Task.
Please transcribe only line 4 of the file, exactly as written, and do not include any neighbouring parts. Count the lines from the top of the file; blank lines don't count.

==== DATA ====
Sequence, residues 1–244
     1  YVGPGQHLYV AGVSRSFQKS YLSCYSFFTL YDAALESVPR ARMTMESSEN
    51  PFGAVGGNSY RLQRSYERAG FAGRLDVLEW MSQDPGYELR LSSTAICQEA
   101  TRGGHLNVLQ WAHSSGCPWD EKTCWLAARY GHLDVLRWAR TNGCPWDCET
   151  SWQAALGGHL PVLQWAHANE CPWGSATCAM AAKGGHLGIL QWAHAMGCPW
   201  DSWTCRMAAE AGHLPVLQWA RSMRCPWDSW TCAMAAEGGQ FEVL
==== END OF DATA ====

   101  TRGGHLNVLQ WAHSSGCPWD EKTCWLAARY GHLDVLRWAR TNGCPWDCET